In the spirit of positive thinking, I wish to list a few more things that worked for me this year. Getting right to it, the next Best Thing That I Did For Myself This Year is:
1. Join a Critique Group
I belong to an online critique group and, speckled throughout the year, a local writing class. Both have been indispensable in different ways. My writing class group has met on and off for three years now. It's run by YA/MG author Valerie Hobbs. It's more than a critique group; it's a class, with the first hour focusing on a particular writing technique and the last hour on writer's works. As good as an online critique group is, there really is nothing more valuable than having an experienced, talented author teach you the finer points of writing. On top of this, Val is exceptional at dishing out the appropriate amount of encouragement and criticism. As a somewhat naive, blindly enthusiastic writer like myself, this level of tempering has kept me motivated and learning for quite some time.
Problem: Right around this time last year, I felt ready for more. The writing class was working but each writer is only critiqued a few times in one session. I needed more. I had begun investigating some groups on the SCBWI site and then, around March, one of my blogging friends told me about an opening in her group and soon after, I became one of The Farflung Writers.
Solution: The group is run on a Google site and as far as I can tell (I'm not the administrator, Kelly is!) the set-up seems moderately easy and the page easy to navigate. There are eight of us; two writers submit 5000 words (about 17-19 pages) each week. At first that seemed excessive, considering my writing class critiqued only 10 pages. I started out having the group critique a new WIP, but with the large chunk to critique and write for the next session, it felt too overwhelming. I had always preached that critiquing a first draft when the first draft is not yet done is a sure way to writer's block and yes, that' exactly what happened.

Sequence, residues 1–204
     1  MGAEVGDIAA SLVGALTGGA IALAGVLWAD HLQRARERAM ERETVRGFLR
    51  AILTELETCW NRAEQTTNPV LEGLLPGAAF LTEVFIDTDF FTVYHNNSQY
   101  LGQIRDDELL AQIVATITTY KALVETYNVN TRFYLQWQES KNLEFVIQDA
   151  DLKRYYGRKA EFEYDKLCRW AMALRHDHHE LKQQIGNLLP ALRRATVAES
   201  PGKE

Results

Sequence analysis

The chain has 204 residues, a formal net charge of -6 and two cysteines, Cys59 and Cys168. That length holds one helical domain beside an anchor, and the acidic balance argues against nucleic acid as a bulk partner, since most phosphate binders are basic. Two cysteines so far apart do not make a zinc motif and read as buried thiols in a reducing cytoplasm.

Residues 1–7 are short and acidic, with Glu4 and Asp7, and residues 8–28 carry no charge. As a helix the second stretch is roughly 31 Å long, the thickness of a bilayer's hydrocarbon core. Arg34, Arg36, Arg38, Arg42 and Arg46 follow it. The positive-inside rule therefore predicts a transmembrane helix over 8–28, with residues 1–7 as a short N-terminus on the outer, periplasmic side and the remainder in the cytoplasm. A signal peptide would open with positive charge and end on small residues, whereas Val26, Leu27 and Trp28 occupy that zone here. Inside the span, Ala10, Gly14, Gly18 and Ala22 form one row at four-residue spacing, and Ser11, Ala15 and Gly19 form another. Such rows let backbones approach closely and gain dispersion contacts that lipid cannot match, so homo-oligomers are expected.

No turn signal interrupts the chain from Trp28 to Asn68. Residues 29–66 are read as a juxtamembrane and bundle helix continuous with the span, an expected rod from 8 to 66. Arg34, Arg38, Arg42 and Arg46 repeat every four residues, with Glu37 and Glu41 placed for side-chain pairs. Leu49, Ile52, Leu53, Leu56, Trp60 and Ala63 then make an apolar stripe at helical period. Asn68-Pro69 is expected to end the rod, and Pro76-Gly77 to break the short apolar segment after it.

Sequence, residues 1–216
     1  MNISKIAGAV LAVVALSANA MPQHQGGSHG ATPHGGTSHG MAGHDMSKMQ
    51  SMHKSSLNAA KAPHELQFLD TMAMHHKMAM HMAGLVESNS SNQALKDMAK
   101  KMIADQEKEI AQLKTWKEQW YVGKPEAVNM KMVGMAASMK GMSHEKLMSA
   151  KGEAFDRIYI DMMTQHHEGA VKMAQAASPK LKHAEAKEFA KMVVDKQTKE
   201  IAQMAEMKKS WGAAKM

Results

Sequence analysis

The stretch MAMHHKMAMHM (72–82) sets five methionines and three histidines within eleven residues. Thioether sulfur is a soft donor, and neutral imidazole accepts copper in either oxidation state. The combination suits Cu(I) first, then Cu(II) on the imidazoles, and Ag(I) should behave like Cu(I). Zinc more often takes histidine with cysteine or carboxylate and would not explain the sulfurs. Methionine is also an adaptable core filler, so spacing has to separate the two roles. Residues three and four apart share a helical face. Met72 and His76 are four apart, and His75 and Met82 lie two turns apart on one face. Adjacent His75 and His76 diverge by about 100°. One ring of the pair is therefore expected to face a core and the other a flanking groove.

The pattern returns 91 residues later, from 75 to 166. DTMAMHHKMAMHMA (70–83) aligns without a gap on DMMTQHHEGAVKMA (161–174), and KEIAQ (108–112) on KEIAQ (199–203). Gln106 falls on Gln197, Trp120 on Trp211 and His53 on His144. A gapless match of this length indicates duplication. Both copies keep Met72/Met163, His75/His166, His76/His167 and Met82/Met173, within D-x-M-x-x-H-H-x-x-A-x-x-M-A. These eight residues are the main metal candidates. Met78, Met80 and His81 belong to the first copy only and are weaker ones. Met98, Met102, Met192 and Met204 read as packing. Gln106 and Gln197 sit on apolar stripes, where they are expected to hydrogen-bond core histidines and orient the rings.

So I began submitting the rewrite of Greenwood Girls and the feedback couldn't have been better. Each member brings a different flavor of critiquing and there are some critiques that I really just couldn't do without. They are so vital to completing this novel.
Results: This group has brought my writing to new levels. I try hard to show not tell, force myself to look at the character's motivations in each scene and continue to realize that the book is not quite ready...yet. The absolutely best comment I got recently had confirmed a nagging suspicion about an element in the story that I couldn't quite pin down. She nailed it and wasn't afraid to say so. It was like she gift-wrapped her comments and placed them under the tree. They were that welcomed.
I encourage you to take your writing farther by engaging in a critique group...but not until you have your first draft completed. I truly believe that this should be done without any critical eyes.
I love the name of our critique group. It fits us perfectly. We are far flung, residing in the east, west, mid west...everywhere. There is even a wine label called Far Flung and an album...Does your group have a cool critique name?